Shortly after Pan American Airways started flying from New York to London in 1959, a round trip ticket cost what would be $3,800 today — in economy class.
More than a half-century later, Pan Am is long gone and newcomer Norwegian Air Shuttle ran a special promotion with $65 one-way tickets on 10 new routes from the northeast U.S. to Ireland and Scotland.
Those fares sold out in less than a day. They’re also a signal that, with new low-cost carriers spreading their wings across the U.S., the Atlantic and Pacific, we’re heading into a new golden age of affordable air travel.
The last time flying was this affordable, the economy was in free fall. In the first half of 2016, the average round trip ticket cost $369, including $23 in fees. That’s the lowest average since the depth of the financial crisis in 2009 and 2010, according to Airlines for America, which represents nearly all the U.S. carriers.
Airline analysts attribute price declines in the U.S. to falling oil prices and a new generation of efficient jetliners. Another big factor: the proliferation of ultra-low cost airlines like Spirit Airlines, Frontier Airlines and Allegiant Airlines that are forcing their competitors to keep pace.
Last week, American Airlines and United Airlines started selling new Basic Economy fares that turn things that used to be travel staples — like access to an overhead bin and the ability to choose your own seat — into premium extras. And on Monday United announced dozens of new routes aimed at low-fare carriers.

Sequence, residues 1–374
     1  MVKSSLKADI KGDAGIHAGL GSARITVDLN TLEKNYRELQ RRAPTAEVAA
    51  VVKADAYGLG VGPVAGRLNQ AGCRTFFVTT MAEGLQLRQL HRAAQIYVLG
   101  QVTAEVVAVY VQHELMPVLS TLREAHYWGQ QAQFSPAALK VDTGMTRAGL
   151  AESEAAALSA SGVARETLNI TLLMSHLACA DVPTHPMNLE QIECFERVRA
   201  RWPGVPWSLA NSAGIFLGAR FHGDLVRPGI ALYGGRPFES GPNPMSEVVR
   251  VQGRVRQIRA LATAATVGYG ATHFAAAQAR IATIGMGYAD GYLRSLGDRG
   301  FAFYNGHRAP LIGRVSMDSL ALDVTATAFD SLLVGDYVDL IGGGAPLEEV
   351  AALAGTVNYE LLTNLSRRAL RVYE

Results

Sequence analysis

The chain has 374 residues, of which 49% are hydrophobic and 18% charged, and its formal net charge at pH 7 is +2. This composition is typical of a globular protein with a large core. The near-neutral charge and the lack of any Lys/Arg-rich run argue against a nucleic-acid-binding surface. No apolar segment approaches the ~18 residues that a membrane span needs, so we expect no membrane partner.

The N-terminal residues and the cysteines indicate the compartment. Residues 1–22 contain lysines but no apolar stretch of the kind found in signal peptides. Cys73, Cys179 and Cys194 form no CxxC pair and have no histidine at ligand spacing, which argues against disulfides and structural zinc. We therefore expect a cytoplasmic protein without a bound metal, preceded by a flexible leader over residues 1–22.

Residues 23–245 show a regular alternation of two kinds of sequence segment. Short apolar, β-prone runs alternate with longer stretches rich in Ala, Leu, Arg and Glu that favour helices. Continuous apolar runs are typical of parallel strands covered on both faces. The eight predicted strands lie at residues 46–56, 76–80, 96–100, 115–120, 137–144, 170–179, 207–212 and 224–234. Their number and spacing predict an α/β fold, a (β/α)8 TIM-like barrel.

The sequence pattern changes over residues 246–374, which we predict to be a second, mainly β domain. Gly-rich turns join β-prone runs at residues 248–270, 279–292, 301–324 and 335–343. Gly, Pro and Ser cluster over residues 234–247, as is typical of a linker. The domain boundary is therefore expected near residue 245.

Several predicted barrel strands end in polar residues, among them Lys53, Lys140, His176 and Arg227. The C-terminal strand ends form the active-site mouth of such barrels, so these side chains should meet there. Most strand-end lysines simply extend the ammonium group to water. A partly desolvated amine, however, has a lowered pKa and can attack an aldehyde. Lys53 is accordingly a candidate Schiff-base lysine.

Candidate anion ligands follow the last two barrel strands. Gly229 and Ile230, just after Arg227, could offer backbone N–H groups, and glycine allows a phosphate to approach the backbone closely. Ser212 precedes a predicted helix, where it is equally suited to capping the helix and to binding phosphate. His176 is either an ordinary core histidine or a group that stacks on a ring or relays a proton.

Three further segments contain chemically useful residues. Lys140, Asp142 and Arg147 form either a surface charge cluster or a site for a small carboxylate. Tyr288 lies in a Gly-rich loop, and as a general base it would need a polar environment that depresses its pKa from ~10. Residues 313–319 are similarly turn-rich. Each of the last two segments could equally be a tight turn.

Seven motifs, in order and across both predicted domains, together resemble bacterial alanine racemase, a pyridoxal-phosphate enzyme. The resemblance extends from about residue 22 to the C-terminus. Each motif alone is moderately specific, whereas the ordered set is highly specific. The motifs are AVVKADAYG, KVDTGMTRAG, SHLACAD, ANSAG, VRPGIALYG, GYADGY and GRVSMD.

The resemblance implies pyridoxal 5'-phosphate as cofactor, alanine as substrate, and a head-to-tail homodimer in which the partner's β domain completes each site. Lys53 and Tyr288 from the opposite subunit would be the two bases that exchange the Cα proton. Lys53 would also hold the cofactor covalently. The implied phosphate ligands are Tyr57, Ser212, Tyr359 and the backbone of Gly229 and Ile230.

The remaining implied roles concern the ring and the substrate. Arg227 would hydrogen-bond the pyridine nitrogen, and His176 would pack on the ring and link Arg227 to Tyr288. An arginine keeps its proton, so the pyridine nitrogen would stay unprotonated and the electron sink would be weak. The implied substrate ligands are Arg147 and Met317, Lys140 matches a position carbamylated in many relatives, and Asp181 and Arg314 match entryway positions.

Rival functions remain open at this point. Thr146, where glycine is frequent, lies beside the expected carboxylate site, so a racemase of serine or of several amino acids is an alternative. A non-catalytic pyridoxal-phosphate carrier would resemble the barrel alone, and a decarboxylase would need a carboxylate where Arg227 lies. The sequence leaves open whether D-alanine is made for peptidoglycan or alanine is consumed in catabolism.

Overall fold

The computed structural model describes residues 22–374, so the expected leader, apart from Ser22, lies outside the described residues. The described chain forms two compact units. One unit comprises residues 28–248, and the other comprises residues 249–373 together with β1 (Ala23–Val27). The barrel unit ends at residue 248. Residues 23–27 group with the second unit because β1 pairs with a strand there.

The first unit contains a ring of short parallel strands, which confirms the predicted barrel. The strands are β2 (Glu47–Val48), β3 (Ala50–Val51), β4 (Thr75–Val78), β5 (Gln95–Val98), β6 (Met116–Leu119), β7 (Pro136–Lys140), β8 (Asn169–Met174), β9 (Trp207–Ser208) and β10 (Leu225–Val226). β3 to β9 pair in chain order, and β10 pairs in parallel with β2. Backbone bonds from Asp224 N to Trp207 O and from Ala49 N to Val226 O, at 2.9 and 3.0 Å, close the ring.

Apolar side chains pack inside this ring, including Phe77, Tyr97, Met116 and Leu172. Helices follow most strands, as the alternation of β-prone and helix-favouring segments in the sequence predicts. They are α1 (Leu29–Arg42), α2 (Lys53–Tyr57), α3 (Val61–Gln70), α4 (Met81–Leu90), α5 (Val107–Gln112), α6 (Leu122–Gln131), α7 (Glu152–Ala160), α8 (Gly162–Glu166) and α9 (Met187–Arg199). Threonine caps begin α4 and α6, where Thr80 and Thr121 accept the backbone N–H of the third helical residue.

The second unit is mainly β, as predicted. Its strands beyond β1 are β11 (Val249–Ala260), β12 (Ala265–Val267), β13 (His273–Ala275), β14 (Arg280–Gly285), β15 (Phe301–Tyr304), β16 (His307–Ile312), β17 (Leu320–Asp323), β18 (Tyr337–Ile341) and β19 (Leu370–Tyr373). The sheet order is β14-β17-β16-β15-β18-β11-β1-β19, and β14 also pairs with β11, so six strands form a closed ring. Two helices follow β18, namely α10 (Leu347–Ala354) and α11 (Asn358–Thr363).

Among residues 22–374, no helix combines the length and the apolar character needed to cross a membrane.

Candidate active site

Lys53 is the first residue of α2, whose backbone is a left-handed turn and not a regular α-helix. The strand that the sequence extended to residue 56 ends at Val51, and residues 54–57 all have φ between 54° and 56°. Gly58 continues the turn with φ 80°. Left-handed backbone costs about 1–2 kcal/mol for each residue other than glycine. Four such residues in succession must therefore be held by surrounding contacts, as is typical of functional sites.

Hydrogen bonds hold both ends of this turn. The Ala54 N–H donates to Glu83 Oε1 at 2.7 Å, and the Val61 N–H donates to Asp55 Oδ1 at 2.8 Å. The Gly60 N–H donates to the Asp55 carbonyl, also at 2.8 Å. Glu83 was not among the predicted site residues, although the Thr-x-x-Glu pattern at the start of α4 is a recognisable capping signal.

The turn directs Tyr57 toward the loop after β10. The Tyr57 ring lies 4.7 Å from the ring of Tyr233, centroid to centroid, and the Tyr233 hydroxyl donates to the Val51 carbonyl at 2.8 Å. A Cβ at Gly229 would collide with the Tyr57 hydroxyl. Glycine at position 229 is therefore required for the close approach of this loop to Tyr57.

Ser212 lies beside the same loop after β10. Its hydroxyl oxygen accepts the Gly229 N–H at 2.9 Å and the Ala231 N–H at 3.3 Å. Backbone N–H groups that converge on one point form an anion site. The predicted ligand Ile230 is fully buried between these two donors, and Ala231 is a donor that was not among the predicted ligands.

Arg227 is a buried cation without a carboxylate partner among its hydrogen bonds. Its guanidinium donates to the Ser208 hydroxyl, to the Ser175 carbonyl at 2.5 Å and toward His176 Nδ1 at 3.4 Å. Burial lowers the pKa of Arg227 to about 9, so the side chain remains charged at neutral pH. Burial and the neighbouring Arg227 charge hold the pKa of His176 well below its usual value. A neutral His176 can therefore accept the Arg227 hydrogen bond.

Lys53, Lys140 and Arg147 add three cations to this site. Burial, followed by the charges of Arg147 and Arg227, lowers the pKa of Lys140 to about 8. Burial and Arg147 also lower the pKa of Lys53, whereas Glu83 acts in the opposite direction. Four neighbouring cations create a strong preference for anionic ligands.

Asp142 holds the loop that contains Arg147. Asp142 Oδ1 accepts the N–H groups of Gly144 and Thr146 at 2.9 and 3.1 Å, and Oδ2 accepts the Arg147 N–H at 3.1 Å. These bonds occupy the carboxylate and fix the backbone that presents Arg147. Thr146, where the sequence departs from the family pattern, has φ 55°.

That base Norwegian international fare, for instance, gets you a seat on the plane and a spot in the overhead bin. An assigned seat costs $45, a checked bag at the airport goes for $65 and full meal service is another $45.
There’s still a wide variation in price depending on the route and the region, but ticket prices are falling all over the world. The average round trip globally in 2017 is expected to be $351, down 63% since 1995, adjusted for inflation, according to the International Air Transport Association, which said that figure doesn’t include fees.
While flyers have reason to celebrate, airlines (and their investors) might not particularly happy with this trend.
“We are notorious in our business of racing to the bottom whenever there is some advantage given to us and this is no exception,” said Tim Clark, President of Emirates Airline, the world’s largest international carrier in an interview with CNN earlier in February. “We have reduced our fares to point of…stupidity in my view.”
U.S. airlines are posting record profits and their shares are climbing. But in 2016 the industry’s revenue per passenger fell, and Wall St. worries that may weigh on those profits and stock gains. Airlines have repeatedly tried to reassure investors that trend will reverse.